Allergic conjunctivitis: causes, symptoms and prevention

Allergic conjunctivitis is an inflammation of the conjunctiva, very common in this season, which triggers annoying symptoms such as redness, burning and itching

Pollen and grasses are not only responsible for hay fever and sneezing in this season.

Frequently, the eyes are also involved in allergic manifestations.

Eye redness, swelling of the eyelids, burning eyes and increased tearing are the most common symptoms of allergic conjunctivitis, an inflammation of the conjunctiva (the thin membrane that protects the eye from external influences), which is very common at this time of year.

The main risk factors for the onset of allergic conjunctivitis

Allergic conjunctivitis is triggered in predisposed individuals when the conjunctiva and eyelid come into contact with an irritant, or rather allergenic, substance.

In this season, plant pollen, poplar and grass pollen in particular are in the dock.

This type of conjunctivitis is characterised by redness and burning in both eyes and intense itching that also affects the eyelids.

Usually the person has already presented similar symptoms, perhaps in previous years during the same seasonal period, and there is often a family predisposition to allergic diseases.

This periodicity helps in better understanding the underlying causes of allergic conjunctivitis.

Allergic conjunctivitis is often complicated by the superimposition of a bacterial infection and thus the nocturnal secretion causes the eyelids to become ‘welded’ in the morning.

Allergic conjunctivitis: How to prevent the problem

The first, fundamental rule that applies to defend oneself against all forms of allergy is not to come into contact with the substance that causes the allergy.

Often this is not possible and therefore various “tricks” are used:

  • Sunglasses: they help reduce symptoms for two reasons:
    -They offer a protective shield against the external environment;
    -they “cut out” ultraviolet radiation, one of the main allergens for the conjunctiva;
  • hats with visors: useful for the same reasons as sunglasses, they are very popular in Anglo-Saxon countries, but less so in Italy;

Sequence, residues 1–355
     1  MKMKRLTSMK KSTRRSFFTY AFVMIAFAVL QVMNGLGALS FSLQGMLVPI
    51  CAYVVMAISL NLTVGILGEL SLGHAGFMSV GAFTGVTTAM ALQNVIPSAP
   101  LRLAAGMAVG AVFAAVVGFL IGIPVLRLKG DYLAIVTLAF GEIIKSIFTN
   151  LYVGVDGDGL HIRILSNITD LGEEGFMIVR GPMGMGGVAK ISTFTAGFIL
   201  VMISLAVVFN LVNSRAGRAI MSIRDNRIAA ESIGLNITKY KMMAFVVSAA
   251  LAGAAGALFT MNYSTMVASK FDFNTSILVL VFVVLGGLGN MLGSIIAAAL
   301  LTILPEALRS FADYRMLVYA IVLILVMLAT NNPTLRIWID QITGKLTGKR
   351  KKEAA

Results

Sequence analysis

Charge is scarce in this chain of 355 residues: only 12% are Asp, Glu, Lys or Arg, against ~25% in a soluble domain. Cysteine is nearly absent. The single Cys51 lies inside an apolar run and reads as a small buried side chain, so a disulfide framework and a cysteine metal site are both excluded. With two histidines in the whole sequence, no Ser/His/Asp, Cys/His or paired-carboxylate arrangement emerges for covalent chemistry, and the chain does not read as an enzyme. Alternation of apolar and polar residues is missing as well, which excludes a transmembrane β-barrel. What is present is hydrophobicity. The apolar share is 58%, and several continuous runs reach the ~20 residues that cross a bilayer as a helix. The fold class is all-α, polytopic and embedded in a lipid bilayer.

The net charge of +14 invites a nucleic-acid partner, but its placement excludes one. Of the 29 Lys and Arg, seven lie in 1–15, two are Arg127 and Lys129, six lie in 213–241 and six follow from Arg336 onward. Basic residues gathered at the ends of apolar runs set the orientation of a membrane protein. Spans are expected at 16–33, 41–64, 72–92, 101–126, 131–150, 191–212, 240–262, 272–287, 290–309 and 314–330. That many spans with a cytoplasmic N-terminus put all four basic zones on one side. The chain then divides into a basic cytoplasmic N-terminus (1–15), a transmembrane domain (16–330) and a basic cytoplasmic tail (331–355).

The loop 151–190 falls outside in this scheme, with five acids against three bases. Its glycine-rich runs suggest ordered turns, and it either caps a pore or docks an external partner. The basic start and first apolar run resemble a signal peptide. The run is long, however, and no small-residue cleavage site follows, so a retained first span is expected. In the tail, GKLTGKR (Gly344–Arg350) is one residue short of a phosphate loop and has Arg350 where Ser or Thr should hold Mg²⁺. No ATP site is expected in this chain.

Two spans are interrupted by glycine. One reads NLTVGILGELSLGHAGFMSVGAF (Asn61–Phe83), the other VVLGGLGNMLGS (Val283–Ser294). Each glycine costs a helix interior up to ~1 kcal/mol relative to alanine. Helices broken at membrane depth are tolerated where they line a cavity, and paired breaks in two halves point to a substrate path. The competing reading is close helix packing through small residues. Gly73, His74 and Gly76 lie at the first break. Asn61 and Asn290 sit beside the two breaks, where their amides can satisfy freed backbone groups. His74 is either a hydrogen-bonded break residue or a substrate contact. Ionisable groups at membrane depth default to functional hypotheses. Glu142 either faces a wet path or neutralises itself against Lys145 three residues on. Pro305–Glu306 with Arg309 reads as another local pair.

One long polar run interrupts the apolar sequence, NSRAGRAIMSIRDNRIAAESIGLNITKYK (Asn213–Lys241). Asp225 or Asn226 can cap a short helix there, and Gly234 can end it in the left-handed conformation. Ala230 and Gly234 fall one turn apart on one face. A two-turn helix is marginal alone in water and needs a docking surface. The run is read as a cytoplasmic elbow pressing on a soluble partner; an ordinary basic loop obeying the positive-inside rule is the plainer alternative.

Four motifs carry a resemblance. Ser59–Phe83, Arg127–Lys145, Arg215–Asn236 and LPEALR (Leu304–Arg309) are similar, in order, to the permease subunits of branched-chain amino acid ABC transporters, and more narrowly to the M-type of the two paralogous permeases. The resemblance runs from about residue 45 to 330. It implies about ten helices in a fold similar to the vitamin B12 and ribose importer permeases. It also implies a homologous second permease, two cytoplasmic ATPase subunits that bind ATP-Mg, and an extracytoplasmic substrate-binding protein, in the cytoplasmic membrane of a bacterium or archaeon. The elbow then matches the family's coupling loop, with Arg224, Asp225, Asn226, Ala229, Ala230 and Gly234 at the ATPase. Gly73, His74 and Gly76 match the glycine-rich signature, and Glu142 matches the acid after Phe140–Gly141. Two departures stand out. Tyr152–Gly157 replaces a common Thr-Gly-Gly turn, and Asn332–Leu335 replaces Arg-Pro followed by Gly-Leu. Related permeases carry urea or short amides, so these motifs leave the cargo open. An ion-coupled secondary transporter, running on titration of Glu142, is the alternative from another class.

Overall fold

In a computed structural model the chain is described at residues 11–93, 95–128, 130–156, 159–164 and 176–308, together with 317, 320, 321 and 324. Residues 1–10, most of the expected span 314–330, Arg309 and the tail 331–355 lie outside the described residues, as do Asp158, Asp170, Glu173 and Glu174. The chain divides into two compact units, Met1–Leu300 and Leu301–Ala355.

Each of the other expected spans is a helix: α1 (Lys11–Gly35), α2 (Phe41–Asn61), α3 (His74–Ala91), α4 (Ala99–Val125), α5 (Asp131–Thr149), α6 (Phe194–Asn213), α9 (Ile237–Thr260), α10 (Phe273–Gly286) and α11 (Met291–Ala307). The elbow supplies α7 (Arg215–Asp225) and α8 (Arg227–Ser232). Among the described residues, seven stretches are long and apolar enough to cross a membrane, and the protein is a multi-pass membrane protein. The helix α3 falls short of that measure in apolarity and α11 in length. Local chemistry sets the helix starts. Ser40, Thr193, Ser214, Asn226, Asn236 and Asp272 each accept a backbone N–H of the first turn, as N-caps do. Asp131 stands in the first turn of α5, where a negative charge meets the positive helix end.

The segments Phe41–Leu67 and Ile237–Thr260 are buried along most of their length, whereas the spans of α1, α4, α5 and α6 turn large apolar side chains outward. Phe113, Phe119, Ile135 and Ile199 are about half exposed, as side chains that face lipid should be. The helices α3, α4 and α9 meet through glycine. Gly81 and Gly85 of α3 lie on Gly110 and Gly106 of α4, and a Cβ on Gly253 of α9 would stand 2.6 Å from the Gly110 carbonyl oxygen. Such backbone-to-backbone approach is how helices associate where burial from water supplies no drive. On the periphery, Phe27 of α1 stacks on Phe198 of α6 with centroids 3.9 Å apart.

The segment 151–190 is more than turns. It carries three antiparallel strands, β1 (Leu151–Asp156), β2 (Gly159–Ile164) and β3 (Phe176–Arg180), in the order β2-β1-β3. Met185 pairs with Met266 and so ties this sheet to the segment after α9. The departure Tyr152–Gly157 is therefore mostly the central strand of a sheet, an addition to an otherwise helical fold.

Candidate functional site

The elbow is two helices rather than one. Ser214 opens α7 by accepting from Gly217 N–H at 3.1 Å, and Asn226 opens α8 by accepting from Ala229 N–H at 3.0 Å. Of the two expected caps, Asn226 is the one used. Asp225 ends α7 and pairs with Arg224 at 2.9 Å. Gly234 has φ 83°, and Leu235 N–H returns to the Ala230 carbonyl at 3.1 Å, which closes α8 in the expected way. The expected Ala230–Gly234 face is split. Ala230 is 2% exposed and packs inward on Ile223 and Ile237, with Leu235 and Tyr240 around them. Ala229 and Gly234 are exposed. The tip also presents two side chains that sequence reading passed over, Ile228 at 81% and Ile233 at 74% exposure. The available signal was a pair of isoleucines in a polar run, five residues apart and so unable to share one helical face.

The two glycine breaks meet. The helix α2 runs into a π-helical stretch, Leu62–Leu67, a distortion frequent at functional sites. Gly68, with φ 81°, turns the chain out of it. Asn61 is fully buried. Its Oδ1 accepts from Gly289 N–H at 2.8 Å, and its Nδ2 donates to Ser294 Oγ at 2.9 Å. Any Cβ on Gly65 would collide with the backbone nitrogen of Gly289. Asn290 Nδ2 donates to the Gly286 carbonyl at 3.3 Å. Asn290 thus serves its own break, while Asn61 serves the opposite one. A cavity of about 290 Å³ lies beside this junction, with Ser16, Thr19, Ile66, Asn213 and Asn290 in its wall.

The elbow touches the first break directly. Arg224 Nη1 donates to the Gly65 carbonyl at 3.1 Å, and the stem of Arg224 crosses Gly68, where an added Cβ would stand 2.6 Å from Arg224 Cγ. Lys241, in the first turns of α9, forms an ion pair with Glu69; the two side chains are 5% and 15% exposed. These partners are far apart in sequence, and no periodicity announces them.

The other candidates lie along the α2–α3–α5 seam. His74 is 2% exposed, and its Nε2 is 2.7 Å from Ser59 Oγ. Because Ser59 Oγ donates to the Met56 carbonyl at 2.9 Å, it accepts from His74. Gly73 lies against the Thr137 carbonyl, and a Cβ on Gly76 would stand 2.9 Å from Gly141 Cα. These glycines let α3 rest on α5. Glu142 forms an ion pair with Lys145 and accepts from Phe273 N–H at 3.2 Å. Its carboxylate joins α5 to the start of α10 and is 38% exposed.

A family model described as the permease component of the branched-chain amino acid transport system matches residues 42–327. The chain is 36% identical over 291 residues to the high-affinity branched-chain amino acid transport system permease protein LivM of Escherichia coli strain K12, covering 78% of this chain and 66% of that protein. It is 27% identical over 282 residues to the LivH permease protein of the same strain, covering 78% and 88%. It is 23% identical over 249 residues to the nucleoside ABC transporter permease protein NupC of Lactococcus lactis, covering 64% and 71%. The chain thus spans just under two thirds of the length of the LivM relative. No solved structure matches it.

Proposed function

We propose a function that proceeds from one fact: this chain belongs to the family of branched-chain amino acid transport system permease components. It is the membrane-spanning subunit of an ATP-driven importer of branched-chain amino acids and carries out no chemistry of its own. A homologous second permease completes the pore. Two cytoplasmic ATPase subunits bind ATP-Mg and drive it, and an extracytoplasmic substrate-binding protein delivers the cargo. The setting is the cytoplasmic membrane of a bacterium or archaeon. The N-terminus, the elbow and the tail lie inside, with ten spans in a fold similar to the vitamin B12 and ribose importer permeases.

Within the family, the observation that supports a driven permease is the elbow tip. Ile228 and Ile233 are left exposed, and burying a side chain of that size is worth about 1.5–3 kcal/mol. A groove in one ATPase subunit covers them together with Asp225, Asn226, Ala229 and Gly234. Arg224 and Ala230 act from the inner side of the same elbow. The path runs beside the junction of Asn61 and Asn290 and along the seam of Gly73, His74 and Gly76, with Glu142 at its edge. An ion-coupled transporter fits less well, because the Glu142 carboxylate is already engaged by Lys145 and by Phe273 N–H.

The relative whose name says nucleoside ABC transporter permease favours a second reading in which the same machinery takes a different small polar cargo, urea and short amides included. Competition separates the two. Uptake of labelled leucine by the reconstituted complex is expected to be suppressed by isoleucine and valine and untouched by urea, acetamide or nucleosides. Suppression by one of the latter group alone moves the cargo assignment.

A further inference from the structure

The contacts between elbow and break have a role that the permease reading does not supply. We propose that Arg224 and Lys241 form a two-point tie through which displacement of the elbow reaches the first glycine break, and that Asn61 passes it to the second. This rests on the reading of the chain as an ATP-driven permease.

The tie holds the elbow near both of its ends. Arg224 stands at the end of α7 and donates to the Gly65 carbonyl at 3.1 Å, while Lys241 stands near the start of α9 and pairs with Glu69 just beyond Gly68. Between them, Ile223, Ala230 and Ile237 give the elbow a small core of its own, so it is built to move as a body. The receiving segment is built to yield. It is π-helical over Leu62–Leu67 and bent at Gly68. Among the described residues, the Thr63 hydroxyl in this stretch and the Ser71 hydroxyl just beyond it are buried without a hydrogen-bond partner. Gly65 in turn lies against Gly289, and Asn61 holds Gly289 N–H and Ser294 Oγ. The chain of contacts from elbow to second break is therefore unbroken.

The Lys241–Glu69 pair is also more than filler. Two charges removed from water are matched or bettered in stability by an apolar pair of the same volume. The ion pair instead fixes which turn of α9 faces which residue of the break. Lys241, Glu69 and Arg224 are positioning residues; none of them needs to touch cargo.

• frequent washing of the eye contour (or eyelid washing): mechanically removes dust and pollen, at the same time refreshes the eyelid skin and induces an improvement in tear secretion; the tear film is the first barrier, and perhaps the most effective, that the conjunctiva and cornea use against pathogens and allergens.

How to use eye drops to treat allergic conjunctivitis

If there is secretion, therapy begins with an antibiotic-cortisonic eye drop or drops, used for a few days, on the advice of the specialist.

Treatment continues with antihistamine eye drops, which, as they have no cortisone component, can (and should) be instilled for a long time.

In the most persistent cases, an allergy specialist should also be consulted, who can modulate a general antihistamine therapy.

The eye drops should be used as follows: sitting with the head back, one to two drops of eye drops are instilled into the conjunctival sac, lowering the lower eyelid with a finger.

Afterwards it is advisable to sit for a minute, still with the head back, but with the eyes closed, so that the preparation spreads adequately over the conjunctiva and cornea.

Warning: eye drops instilled with the eyes open, and perhaps standing up immediately afterwards, are of very little use.

It is in any case advisable to have a specialist eye examination within a few days of the onset of symptoms in order to identify the most suitable treatment.

While waiting for a specialist consultation, eye drops with a soothing and refreshing effect, such as those based on natural extracts (chamomile, eyebright, witch hazel and arnica), are useful.

Allergic conjunctivitis: when to worry?

If the complaints affect only one eye for several days, you should be alert.

The monolateral nature of the symptomatology is in fact a possible sign of:

  • keratitis
  • corneal abscesses;
  • uveitis.

These are more serious manifestations than conjunctivitis and must be treated with appropriate therapies that differ from those used for conjunctivitis.

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